Don’t take my voice away.
That’s all, I’m asking for.
I want to hear you say:
“You’ve touched me some way”.
What I write or what I say,
May not enlighten you today.
There are many others,
Who’ve passed me up, along the way.
Why would I ever imagine,
What I express—would sway,
Your polarized heart’s way?
When not even, the patriots obey.
You’re free to believe what you may,
But I’m hoping you and I,
In the end—will still be okay;
That’s why, I want to stay.
By: ElRoyPoet © 2020
“The real debate here is not about the principle of free speech, but the much grayer question of how we draw its boundaries. What kinds of speech should be morally out of bounds? What sorts of speakers should be excluded from major platforms? When can giving a platform to one kind of person actually makes it harder for other people to speak their minds freely? Once we see that these are the issues we’re actually discussing, it becomes clear that “cancel culture” is not the existential threat to free expression it’s made out to be. ‘Drawing the lines of socially acceptable expression and determining appropriate responses to transgressing those norms.’ That’s not a conflict over the principles of a free society but the rules that govern its operation in practice.” Excerpts from: The “free speech debate” isn’t really about free speech
“Virtually every American politician professes to love the First Amendment. Many of them profess to hate another law: Section 230 of the Communications Decency Act. But the more they say about 230, the clearer it becomes that they actually hate the First Amendment and think Section 230 is just fine.
The heart of Section 230 is famously just 26 words: ‘No provider or user of an interactive computer service shall be treated as the publisher or speaker of any information provided by another information content provider.’
The law was passed in 1996, and courts have interpreted it expansively since then. It effectively means that web services—as well as newspapers, gossip blogs, listserv operators, and other parties—can’t be sued for hosting or reposting somebody else’s illegal speech. In addition, it means courts can dismiss most lawsuits over web platform moderation, particularly since there’s a second clause protecting the removal of “objectionable” content.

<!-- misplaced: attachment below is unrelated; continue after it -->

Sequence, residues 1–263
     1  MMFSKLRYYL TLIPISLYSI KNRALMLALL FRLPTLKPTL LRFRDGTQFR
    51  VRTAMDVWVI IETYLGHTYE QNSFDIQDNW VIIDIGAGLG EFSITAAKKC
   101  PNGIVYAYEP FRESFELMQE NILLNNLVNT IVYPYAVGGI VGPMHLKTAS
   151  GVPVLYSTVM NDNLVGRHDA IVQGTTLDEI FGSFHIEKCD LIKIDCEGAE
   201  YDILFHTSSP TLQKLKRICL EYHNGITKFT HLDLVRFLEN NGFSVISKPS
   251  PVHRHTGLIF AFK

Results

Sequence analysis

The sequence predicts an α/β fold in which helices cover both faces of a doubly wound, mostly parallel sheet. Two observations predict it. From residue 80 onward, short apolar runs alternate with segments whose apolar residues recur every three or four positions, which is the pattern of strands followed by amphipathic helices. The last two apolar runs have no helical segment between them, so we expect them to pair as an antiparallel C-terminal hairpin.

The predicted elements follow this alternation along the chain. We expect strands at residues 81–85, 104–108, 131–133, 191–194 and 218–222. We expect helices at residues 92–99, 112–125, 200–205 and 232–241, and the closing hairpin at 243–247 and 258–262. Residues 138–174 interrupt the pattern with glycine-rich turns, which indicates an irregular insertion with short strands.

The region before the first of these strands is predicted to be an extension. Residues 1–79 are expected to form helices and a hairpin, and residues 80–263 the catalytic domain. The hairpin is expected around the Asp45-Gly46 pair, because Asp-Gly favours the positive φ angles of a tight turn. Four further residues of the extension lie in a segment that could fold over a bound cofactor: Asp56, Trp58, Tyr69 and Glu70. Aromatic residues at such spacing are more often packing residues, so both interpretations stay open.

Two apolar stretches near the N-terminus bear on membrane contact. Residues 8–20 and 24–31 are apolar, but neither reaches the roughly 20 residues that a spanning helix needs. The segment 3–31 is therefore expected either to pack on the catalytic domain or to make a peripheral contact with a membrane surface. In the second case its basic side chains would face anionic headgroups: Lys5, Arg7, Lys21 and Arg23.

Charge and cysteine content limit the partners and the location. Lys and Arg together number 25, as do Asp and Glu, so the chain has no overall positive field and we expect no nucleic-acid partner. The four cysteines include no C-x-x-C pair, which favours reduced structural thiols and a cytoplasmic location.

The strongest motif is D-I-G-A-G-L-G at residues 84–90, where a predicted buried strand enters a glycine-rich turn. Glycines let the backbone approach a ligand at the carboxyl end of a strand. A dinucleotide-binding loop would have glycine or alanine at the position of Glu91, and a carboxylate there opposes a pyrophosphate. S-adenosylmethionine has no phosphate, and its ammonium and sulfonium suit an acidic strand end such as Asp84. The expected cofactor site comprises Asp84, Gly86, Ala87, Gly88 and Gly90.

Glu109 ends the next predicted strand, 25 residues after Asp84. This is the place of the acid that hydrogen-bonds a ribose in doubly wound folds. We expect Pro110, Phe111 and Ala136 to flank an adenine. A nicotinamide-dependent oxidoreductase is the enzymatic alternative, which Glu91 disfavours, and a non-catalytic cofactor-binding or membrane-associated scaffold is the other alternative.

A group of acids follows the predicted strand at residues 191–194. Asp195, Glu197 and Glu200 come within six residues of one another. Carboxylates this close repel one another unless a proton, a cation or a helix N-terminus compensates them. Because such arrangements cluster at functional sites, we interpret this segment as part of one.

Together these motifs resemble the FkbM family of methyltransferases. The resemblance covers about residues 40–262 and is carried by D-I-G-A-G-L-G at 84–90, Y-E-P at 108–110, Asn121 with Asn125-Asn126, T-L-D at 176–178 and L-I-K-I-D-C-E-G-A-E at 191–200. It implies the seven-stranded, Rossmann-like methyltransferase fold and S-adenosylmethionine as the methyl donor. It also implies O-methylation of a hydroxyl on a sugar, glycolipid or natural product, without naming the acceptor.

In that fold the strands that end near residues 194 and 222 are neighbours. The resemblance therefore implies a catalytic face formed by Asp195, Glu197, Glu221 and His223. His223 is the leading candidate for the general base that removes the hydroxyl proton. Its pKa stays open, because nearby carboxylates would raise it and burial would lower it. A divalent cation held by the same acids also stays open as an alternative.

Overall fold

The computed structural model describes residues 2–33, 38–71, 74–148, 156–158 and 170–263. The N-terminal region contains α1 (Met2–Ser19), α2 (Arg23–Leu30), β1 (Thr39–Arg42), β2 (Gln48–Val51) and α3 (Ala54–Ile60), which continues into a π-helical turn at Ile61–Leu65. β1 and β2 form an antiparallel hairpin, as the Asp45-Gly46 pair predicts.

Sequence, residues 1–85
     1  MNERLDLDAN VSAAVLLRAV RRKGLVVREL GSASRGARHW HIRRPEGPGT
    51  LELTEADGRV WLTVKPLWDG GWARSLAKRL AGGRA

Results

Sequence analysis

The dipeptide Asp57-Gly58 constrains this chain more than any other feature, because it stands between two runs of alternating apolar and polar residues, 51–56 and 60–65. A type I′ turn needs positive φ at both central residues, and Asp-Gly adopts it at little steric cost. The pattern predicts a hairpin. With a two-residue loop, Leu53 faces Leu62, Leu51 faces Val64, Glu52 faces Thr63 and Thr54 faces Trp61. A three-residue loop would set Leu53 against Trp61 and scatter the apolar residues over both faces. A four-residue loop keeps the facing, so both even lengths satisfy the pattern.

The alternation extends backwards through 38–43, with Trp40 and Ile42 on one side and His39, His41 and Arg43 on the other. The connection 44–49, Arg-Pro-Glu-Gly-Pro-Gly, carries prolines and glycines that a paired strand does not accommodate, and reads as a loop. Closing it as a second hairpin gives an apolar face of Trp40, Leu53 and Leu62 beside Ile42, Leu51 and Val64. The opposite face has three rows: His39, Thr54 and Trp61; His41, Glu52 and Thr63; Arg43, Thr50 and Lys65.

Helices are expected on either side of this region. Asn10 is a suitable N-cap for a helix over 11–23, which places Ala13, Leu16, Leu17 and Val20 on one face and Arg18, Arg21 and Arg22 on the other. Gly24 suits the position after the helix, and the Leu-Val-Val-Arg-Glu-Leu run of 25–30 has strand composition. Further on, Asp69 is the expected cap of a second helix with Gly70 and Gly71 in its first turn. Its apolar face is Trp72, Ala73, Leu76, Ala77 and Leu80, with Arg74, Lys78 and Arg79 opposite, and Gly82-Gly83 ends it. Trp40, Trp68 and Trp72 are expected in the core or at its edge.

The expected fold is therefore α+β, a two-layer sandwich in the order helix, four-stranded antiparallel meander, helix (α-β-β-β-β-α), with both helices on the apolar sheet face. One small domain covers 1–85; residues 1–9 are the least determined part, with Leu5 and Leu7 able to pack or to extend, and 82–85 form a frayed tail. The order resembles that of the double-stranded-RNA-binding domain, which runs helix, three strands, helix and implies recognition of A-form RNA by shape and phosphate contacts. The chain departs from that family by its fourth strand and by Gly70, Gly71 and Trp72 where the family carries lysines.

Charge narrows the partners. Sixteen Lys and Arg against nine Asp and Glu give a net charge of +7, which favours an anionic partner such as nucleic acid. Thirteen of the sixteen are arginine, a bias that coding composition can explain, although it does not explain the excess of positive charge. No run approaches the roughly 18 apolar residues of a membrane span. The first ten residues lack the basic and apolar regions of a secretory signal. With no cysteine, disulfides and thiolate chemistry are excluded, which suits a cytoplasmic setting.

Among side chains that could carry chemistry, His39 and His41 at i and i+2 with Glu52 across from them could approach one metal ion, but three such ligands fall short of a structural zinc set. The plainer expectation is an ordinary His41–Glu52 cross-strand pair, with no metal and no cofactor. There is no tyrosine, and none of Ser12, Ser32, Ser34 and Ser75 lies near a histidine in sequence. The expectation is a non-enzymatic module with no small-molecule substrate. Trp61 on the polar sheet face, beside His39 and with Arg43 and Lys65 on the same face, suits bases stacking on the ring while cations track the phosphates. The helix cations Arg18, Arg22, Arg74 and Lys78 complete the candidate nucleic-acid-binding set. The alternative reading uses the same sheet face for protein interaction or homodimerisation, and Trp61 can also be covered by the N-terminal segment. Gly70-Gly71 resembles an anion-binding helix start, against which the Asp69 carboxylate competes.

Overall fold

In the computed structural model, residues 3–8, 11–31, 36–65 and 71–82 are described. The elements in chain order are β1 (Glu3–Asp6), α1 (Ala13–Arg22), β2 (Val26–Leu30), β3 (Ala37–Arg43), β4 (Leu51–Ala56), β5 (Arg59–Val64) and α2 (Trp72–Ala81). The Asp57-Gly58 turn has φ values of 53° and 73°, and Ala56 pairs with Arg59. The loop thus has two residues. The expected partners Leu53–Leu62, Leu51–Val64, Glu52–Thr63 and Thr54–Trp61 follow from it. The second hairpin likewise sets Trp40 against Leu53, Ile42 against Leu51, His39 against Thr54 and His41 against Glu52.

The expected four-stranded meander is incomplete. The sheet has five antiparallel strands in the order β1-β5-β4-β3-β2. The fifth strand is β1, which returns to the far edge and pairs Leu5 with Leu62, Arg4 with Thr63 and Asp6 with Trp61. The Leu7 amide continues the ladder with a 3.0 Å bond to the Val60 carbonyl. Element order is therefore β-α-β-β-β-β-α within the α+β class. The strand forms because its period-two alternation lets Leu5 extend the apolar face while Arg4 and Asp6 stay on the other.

Threatening to repeal 230 is a shakedown racket, a way for lawmakers to quietly put their thumb on the scale—a back door to imposing government speech regulations.
When lawmakers do take up serious issues around platform regulation, it’s often with the blatant ulterior motive of punishing “Big Tech” for perceived political misdeeds.
Removing Section 230 protections is a sneaky way for politicians to get around the First Amendment
Platform moderation has become one of the few enforcement mechanisms to punish bad behavior. When bad behavior goes unpunished, unaddressed, and spirals out into something worse and worse, people look for something to blame. And the reality is that no politician can blame the First Amendment, so they blame 230 instead. That’s the lesson, the takeaway: whenever politicians talk about regulating Big Tech or changing 230, they are almost always talking about imperiling the First Amendment.
The bigger issue, though not the only one, is that the internet allows people to speak to each other at a scale unprecedented in human history. The shortcomings and tradeoffs of the laws governing that speech have never been so evident, and their troublesome edge cases never so numerous. And instead of trying to reckon with a new world, the people who make and enforce those laws have abdicated their principles and responsibilities in favor of wielding raw power—and, often, abdicating a lot of their common sense as well.
The First Amendment is over 200 years old. It might remain the law on paper for a long time to come, but for the average American, the era of government speech regulations is already here, and things are about to get darker than ever.”
Excerpt from How America turned against the First Amendment